The old method for plywood underlayment tile installation involved lots of thinset laid directly onto the subfloor. These days, there are a few different ways to prepare subfloor for tile. The method you choose depends on the type of tile you are planning to use. Let’s get started!
Vinyl: Preparing to Lay Tile on Plywood
When it comes to installing vinyl tile on plywood subfloor, the process is quick and simple. These self-adhesive tiles bond to plywood with ease, so long as the wood is clean, dry, and secure.
1. Start by walking the entire floor using a back and forth grid pattern. Use a pencil or a piece of chalk to mark any areas that squeak or feel loose. Don’t skip this step. It’s an essential part of preparing a plywood subfloor for vinyl tile, as the weight of the tile will make any squeaks worse, and loose spots could cause imperfections to appear on the tile’s surface.
3. Mix a batch of wood leveling compound, following the manufacturer’s instructions. The finished consistency should be a lot like creamy peanut butter.
4. With a putty knife or drywall knife, apply a generous layer of leveling compound to the subfloor’s seams. Let the compound dry for at least 30 minutes before moving on to the next step.
5. With a sander, use 100-grit sandpaper to smooth the seams. When you’re finished, they should be flush with the rest of the floor.
6. Vacuum the subfloor to remove all particles. Take your shoes off or wear protective covers to prevent debris from entering your work area.
You’re ready to install your vinyl tiles!
Ceramic or Porcelain: Preparing a Plywood Subfloor for Tiling
Get ready – and think about getting a helper! Preparing plywood for tiling of the traditional kind is an involved process with quite a bit of heavy lifting. When you’re finished, you’ll be rewarded with a durable floor that looks fantastic.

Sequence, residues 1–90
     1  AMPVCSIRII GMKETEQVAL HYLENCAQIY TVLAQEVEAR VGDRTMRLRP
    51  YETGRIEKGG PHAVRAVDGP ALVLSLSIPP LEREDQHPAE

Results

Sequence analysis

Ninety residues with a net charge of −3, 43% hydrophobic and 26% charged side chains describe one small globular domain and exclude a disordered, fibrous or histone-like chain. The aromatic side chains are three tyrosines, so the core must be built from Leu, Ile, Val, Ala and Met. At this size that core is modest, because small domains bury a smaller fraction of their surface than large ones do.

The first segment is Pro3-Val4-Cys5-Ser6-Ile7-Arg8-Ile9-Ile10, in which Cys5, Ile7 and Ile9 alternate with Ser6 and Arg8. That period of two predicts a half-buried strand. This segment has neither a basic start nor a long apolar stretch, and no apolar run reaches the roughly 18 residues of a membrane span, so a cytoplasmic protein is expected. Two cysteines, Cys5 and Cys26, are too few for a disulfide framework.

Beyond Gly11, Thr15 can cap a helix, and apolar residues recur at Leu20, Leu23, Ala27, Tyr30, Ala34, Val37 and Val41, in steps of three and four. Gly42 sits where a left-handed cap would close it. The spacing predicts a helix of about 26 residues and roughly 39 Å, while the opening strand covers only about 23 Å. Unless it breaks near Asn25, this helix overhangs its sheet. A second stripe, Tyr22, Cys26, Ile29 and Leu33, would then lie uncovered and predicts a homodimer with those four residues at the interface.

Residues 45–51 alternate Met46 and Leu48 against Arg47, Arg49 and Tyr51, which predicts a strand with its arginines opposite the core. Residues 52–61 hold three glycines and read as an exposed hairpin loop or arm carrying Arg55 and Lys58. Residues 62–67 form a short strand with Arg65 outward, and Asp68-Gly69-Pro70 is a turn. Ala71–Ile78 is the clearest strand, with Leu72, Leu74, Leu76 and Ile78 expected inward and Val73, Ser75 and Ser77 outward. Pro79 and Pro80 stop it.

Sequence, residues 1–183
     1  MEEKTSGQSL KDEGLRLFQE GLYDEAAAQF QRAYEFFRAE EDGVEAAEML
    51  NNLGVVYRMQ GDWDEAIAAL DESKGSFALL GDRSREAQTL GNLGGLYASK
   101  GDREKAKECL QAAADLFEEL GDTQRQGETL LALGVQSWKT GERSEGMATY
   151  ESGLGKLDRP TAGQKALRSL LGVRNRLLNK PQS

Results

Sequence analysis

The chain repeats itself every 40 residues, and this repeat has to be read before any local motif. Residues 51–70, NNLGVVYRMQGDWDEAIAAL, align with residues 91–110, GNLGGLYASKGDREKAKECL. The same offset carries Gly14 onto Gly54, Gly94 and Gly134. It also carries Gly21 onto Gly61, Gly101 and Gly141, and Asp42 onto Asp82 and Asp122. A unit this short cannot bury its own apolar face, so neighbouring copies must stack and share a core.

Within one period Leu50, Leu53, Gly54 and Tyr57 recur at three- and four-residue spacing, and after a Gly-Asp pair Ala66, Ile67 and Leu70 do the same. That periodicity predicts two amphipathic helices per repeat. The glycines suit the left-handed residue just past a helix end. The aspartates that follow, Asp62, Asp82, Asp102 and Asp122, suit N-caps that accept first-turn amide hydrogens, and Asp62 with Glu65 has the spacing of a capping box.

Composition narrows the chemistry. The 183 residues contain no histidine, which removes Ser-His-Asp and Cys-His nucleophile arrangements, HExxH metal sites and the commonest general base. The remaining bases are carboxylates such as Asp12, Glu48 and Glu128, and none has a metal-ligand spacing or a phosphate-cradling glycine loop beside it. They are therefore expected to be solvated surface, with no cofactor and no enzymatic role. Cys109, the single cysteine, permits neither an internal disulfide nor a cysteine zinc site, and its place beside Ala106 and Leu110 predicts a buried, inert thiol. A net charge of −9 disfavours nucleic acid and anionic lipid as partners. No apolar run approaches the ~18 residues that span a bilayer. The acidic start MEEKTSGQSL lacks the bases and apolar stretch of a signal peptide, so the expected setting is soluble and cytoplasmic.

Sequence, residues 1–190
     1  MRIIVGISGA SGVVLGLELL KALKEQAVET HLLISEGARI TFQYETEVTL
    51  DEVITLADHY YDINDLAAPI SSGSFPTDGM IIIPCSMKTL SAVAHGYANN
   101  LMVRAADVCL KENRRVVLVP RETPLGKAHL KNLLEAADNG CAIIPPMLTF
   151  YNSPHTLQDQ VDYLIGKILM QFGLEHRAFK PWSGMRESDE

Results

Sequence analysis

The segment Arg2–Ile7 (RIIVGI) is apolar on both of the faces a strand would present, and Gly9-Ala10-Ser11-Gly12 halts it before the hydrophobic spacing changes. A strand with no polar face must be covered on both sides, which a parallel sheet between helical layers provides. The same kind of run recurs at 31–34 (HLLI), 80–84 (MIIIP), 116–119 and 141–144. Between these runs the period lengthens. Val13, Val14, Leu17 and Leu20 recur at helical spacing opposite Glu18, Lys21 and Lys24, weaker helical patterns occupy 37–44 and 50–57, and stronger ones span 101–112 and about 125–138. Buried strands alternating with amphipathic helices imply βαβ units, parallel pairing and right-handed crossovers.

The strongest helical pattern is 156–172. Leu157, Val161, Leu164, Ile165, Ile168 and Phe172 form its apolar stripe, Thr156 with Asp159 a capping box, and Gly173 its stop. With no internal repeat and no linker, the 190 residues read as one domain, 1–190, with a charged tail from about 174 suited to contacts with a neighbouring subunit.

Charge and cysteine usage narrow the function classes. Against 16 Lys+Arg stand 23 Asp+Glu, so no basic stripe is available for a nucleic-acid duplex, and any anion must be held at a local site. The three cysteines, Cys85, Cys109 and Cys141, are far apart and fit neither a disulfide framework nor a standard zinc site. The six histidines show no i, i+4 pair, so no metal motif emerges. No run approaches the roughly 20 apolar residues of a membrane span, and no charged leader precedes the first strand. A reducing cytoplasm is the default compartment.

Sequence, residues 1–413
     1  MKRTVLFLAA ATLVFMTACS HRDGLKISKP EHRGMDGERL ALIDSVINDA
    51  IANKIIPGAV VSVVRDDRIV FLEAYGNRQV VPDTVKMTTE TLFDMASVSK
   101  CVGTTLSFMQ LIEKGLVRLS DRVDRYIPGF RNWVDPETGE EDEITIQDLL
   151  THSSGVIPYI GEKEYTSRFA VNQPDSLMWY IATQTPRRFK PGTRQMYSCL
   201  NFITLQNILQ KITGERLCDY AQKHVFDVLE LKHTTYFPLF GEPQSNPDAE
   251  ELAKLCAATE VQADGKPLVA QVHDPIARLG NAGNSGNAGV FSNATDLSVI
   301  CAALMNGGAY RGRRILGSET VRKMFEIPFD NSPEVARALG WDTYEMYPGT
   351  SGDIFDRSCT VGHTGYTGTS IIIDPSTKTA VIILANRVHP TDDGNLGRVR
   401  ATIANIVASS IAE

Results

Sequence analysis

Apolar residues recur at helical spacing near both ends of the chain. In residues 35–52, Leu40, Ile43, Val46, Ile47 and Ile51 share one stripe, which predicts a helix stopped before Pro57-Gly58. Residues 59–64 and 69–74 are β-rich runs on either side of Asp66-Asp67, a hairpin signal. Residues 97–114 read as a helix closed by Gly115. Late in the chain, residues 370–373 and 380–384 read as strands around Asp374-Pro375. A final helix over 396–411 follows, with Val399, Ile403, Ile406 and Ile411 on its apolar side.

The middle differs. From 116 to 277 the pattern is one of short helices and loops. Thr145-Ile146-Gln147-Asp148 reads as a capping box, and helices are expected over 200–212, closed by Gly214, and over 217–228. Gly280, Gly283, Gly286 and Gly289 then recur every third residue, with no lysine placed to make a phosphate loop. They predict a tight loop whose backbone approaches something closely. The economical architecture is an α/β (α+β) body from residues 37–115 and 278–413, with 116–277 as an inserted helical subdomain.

The safest, most trouble-free method for prepping plywood subfloor for tiling involves the addition of a layer of cement backerboard, which will not interact with the moisture found in the mortar and grout that hold ceramic and porcelain tiles in place. While cement backerboard does represent a small investment, it will create an excellent bond, plus it will smooth out any imperfections in the plywood itself, so your floor will turn out better.
1. If you’re all the way down to a solid wood subfloor, you’re going to need to apply a layer of ½” plywood. Use proper adhesive and screws to complete this step so that your floor feels solid and motionless. Once you have a plywood subfloor in place, you’re ready to level it.
2. Slide a 4- to 6- foot straight edge around the subfloor you’re prepping for tile. Go in all different directions, looking for valleys and hollows. If you find any uneven areas, they will need to be filled in with a layer of self-leveling underlayment before you move on to the next step.
3. If you are using self-leveling underlayment, use caulk to fill any seams in the subfloor. If there are vents in the area, use painter’s tape to cover them completely.
4. With a roller, apply a coat of latex primer/sealer to the subfloor. Next, pour the liquid underlayment into the hollow area. It will find its own level. When it is dry, your floor will be flat and even. Once the entire floor is level, you’re ready to apply a layer of thinset.
5. Note the direction of the plywood subfloor. You’re going to install your cement backerboard in the opposite direction to prevent shifting and cracking. If your plywood subfloor runs east and west, then your cement backerboards are going to run north and south.